13 Natural Components of the Hydrologic Cycle Vegetation Transpiration roots mine water from the soil Interception rainfall never hits the ground Interception water is directed along branches to the tree trunk stem flow Protects the soil Litter interflow in forested areas Topography Slope affects runoff rates Determines watershed boundaries

14 Natural Components of the Hydrologic Cycle Topography (cont.) Location of streams Location of surface water bodies Lakes / ponds / wetlands Rainfall patterns orographic effects Latitude (distance N or S of the equator) Length of day Solar radiation Vegetation type

15

16 Natural Components of the Hydrologic Cycle: Infiltration The entry of water into the soil Lots of factors influence the rate of infiltration Antecedent moisture content Amount of water already in the soil Soil texture Clays very low hydraulic conductivity (K sat ) Sands very high hydraulic conductivity (K sat ) K sat is a measure of how fast water can move through soil Porosity = the amount of open space in soil

17 Natural Components of the Hydrologic Cycle Surface soils (root zone) Controls infiltration (texture, bulk density, porosity, organic matter, etc) Runoff rates Erosion rates Vegetation types Unsaturated zone Controls infiltration Controls up-flux from the water table

18 Natural Components of the Hydrologic Cycle Unsaturated zone (cont.) Maybe vertical or horizontal flow Clay layer induces horizontal flow Saturated zone Subsurface geology controls groundwater divides Impermeable layers control Unconfined aquifers Confined aquifer Vertical or horizontal flow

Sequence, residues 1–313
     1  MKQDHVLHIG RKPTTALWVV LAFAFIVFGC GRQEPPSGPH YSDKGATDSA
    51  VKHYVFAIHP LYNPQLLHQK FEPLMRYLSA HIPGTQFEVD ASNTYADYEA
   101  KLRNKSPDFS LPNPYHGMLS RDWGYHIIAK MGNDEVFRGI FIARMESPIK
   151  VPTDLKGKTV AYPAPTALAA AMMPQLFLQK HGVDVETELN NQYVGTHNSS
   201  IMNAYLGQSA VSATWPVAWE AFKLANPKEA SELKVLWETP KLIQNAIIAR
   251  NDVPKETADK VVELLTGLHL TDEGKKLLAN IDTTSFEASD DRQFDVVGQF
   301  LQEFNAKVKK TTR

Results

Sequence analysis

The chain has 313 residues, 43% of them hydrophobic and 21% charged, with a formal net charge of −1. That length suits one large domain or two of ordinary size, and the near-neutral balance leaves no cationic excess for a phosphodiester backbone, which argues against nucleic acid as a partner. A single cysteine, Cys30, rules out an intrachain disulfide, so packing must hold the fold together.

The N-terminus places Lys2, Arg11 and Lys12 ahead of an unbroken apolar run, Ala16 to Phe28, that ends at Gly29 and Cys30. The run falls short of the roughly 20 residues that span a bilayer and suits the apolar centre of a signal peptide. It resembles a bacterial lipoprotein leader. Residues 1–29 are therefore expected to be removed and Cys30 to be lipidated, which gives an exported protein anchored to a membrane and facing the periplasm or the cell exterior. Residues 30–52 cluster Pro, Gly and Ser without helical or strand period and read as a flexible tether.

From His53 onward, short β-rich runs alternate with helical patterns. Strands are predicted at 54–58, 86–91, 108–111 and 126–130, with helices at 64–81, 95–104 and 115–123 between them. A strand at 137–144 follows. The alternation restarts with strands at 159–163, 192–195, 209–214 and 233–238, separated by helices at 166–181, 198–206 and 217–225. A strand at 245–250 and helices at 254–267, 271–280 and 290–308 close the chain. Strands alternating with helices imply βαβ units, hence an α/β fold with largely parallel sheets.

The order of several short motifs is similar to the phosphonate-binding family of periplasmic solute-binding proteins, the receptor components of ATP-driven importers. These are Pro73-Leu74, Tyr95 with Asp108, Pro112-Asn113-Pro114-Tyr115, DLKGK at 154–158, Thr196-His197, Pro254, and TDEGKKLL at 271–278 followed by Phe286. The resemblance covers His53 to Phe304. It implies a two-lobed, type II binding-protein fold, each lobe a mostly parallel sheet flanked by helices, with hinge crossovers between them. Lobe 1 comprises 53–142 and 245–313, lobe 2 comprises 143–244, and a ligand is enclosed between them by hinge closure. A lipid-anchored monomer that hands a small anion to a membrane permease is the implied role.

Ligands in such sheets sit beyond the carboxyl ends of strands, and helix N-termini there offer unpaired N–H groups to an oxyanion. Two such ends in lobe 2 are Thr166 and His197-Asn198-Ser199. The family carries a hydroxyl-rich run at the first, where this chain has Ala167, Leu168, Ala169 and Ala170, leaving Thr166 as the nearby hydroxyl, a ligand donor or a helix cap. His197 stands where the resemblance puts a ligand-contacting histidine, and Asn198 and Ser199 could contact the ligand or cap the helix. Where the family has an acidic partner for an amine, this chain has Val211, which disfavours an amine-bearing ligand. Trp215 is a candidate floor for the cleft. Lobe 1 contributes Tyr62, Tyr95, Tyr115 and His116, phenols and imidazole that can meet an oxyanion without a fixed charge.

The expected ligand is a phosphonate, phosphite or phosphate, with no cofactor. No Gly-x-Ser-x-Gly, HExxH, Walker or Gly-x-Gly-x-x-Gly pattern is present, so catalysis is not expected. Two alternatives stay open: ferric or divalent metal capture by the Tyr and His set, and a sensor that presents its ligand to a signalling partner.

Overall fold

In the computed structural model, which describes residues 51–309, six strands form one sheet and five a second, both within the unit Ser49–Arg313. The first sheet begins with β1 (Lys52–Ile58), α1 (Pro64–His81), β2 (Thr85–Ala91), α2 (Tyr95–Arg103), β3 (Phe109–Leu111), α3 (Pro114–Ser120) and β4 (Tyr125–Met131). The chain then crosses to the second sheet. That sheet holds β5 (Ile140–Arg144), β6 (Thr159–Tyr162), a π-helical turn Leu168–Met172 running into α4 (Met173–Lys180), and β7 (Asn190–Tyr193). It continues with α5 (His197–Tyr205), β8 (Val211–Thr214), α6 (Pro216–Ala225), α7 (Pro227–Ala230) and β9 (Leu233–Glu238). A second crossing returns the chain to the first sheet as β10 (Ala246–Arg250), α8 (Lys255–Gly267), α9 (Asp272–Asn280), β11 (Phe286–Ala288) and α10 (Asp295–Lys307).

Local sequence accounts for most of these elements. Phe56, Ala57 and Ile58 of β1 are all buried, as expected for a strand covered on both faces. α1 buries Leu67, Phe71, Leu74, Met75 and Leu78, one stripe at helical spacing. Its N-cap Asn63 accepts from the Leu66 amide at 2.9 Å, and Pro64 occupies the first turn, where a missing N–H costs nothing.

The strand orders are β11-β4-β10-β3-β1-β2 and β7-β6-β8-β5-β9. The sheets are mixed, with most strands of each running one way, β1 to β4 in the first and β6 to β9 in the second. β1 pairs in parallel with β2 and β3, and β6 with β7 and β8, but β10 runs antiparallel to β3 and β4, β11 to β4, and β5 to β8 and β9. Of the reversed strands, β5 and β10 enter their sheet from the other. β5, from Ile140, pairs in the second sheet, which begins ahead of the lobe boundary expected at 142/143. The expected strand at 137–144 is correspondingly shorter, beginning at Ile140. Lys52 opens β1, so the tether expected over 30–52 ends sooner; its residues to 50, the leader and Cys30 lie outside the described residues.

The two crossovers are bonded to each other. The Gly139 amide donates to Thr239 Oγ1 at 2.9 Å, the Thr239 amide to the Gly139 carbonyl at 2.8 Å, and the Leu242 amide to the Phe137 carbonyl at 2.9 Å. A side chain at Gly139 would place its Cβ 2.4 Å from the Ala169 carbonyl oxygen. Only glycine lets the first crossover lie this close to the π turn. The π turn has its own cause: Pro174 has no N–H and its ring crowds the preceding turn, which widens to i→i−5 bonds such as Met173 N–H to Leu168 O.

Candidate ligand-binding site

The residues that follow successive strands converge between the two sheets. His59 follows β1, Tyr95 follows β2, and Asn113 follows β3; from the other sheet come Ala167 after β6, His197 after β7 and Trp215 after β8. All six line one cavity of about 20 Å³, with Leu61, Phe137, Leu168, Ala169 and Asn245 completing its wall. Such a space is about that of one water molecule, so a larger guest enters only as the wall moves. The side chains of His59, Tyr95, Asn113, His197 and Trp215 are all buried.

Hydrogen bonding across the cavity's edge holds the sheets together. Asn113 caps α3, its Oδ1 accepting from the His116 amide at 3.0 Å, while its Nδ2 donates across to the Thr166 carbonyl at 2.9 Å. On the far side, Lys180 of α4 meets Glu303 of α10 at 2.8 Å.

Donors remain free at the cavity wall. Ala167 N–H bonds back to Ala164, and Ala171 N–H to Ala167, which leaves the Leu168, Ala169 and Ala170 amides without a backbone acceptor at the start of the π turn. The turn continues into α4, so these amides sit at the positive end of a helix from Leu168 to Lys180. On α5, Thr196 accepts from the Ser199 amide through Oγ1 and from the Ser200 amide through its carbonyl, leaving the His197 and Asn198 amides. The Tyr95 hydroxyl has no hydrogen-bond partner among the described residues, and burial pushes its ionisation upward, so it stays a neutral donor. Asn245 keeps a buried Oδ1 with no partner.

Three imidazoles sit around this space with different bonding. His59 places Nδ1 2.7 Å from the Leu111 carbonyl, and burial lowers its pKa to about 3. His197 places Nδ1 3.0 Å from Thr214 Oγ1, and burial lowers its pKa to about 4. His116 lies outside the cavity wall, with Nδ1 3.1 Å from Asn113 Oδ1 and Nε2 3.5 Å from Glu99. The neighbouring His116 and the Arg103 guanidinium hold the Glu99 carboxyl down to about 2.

19 Natural Components of the Hydrologic Cycle: Groundwater Groundwater recharged by: Water that infiltrates past the root zone Losing streams (in arid regions generally) Groundwater is deeper than the stream This is generally a vertical downward flow path

20 Natural Components of the Hydrologic Cycle: Groundwater Groundwater discharges into: Gaining streams (in humid regions generally) Groundwater is higher than the stream Provides base flow for perennial streams Springs (for example: Comal / San Marcos) Lakes and the sea This is generally a lateral flow process

21 Groundwater In the U.S., drinking water source for 37% of the population Bryan / College Station San Antonio Almost all rural residents In the U.S. in 2010: 61% of groundwater usage was for irrigation 115 billion gallons per day!!